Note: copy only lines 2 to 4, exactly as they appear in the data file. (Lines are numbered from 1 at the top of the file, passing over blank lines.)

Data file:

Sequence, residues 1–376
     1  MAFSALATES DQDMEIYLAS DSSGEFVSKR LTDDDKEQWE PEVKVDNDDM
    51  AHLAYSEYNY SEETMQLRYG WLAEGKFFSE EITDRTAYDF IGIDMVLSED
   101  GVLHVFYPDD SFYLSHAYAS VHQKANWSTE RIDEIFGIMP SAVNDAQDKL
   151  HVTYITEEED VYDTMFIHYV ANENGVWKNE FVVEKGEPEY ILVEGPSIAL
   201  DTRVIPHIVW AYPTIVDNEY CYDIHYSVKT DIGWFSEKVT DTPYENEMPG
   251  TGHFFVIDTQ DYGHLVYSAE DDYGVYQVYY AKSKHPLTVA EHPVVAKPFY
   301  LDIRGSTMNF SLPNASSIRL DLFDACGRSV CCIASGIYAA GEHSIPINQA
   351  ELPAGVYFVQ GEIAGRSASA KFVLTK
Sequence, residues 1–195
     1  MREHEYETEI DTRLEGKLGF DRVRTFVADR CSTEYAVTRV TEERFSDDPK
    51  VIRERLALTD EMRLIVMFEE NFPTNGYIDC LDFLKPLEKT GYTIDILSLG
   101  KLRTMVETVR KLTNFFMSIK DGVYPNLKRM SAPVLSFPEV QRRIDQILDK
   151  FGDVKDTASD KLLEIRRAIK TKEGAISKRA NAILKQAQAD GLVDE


     1  MAFSALATES DQDMEIYLAS DSSGEFVSKR LTDDDKEQWE PEVKVDNDDM
    51  AHLAYSEYNY SEETMQLRYG WLAEGKFFSE EITDRTAYDF IGIDMVLSED
   101  GVLHVFYPDD SFYLSHAYAS VHQKANWSTE RIDEIFGIMP SAVNDAQDKL